Most Americans believe they’re being asked to tip at more places now than in years past, but not many are giving, according to a new survey from Pew Research Center.
About 72 percent of Americans believe they’re being asked to tip more than five years ago, but few are confident about the proper tipping etiquette with increased expectations.
Just a third of poll respondents said it’s easy to know when it’s right to tip, or to figure out how much to tip.
With consumers being prompted for tips through credit card machines at everywhere from fast food restaurants to convenience stores, many are also changing their opinions on when it’s really “right” to tip.
Situationally, tipping varies drastically. While seen as almost mandatory in sit-down restaurants — with about 81 percent of people “always” tipping — slimmer majorities tend to tip for drink at bars, for delivery food or for a ride-share.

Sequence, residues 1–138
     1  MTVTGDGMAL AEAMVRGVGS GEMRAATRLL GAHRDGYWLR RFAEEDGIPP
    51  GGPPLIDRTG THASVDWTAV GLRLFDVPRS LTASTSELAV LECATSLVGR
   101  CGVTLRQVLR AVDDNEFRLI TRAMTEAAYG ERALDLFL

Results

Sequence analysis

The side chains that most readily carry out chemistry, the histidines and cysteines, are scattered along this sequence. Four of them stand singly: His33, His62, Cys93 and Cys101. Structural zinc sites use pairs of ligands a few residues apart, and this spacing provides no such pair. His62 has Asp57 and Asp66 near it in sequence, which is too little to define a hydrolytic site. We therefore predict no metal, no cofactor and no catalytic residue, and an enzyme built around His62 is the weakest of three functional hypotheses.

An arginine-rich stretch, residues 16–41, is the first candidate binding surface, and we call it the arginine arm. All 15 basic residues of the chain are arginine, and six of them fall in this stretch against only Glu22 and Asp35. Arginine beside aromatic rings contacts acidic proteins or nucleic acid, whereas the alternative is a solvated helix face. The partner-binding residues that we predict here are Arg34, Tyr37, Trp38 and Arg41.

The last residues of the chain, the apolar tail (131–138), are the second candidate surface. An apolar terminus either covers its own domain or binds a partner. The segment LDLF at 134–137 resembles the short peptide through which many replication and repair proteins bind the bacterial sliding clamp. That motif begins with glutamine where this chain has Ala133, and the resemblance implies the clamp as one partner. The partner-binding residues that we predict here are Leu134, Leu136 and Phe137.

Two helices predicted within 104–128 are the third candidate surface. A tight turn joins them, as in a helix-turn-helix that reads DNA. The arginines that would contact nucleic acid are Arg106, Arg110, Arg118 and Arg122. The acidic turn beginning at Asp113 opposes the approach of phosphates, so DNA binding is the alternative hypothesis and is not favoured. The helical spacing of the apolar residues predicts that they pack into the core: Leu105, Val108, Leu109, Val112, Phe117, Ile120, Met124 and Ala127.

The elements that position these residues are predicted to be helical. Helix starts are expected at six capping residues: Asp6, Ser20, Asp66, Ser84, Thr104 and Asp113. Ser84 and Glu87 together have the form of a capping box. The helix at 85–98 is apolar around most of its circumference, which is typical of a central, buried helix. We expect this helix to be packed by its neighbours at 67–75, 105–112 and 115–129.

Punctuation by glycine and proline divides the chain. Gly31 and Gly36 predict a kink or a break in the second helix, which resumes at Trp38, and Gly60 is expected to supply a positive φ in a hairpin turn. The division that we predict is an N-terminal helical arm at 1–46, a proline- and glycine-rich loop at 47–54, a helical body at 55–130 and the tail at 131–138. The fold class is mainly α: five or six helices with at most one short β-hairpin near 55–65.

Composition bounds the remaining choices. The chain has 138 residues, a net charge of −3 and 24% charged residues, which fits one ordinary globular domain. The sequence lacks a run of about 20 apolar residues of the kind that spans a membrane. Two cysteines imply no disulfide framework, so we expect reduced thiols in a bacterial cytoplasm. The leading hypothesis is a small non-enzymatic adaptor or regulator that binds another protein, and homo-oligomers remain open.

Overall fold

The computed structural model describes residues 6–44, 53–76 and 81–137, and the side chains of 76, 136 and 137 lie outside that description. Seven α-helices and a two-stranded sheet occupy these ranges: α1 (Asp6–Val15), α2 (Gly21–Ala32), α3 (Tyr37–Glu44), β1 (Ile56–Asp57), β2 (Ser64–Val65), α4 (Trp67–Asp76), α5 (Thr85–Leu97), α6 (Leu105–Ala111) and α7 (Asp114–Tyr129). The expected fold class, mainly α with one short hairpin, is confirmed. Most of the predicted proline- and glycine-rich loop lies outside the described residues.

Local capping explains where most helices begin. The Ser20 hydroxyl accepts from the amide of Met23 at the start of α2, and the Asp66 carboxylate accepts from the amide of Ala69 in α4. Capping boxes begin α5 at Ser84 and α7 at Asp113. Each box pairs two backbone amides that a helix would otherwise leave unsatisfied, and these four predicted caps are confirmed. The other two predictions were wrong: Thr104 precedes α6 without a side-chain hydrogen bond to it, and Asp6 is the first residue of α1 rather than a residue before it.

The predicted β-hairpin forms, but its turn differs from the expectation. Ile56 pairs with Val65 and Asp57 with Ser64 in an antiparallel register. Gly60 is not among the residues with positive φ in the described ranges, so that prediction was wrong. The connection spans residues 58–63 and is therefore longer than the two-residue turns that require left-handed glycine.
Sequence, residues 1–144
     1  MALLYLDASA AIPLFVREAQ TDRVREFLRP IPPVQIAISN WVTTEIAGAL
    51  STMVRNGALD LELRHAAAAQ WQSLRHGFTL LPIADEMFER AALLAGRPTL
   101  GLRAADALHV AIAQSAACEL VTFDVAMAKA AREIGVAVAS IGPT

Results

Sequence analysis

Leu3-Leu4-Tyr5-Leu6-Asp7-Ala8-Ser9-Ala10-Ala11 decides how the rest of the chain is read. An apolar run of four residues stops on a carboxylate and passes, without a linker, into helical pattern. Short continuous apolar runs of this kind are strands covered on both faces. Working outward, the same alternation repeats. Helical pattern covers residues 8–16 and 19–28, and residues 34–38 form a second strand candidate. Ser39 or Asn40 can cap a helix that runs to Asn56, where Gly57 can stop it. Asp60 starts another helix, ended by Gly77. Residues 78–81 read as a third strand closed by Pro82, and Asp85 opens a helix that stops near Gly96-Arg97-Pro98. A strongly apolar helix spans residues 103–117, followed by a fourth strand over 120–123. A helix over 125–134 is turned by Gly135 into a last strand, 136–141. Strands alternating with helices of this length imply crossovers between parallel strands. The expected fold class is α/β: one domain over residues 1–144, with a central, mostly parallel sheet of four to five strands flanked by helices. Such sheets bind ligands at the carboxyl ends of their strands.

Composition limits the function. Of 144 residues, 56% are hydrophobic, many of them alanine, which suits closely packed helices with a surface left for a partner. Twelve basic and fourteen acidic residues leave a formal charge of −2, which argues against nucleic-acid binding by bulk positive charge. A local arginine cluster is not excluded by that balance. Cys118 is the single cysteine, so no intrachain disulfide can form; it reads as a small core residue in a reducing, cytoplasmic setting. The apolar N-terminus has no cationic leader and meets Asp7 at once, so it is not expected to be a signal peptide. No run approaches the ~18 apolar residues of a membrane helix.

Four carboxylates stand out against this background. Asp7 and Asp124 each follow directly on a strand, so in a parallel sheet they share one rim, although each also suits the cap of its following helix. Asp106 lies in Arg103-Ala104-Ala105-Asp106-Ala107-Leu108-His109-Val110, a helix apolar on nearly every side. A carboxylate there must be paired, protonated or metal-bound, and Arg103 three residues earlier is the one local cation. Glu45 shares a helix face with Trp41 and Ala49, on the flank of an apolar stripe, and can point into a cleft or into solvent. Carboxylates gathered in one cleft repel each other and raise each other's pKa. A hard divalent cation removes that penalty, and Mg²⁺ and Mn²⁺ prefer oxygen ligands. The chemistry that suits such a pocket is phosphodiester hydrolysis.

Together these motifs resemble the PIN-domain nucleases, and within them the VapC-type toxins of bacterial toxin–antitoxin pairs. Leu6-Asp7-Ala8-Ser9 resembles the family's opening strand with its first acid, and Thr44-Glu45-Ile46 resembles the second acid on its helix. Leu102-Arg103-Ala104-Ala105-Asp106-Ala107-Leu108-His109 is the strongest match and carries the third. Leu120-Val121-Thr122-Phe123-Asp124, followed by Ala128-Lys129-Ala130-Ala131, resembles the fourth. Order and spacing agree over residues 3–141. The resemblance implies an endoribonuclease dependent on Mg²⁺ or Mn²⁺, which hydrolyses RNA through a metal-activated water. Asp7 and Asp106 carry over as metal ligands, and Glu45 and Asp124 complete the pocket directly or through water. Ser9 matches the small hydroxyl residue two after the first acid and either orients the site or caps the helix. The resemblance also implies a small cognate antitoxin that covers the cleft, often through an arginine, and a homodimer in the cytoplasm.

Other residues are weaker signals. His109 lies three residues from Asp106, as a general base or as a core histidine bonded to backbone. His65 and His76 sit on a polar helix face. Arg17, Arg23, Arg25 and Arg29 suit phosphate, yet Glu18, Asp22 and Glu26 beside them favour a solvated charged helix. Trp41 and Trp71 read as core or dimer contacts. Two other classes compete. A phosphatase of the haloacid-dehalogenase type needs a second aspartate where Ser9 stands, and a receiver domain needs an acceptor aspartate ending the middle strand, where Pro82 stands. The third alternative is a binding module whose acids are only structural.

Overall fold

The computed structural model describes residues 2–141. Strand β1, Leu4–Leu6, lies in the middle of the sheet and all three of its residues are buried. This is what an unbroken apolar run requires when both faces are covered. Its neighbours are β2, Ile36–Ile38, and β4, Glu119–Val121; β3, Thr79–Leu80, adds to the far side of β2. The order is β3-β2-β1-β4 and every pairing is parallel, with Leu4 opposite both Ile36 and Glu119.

The least popular tipping situations are for coffee shops and fast food restaurants, where just 12 and 7 percent of respondents said they “always” tip.
About a fifth of Americans said it’s a choice to tip in most cases, while about thirty percent said it’s more of an obligation. The remaining half said it’s somewhere in between and depends on a case-by-case basis.
The survey found that customers generally disprove of automatically-suggested tip amounts, and broadly dislike service charges on bills.
About 40 percent oppose suggested tips, while 72 percent go against service chargers — half strongly against them, the survey found.
And for restaurants, the average tip is still around 15 percent, despite about a quarter of respondents saying they tend to tip 20 percent.
The Pew survey polled about 12,000 Americans in August, with a margin of error of 1.4 percent.
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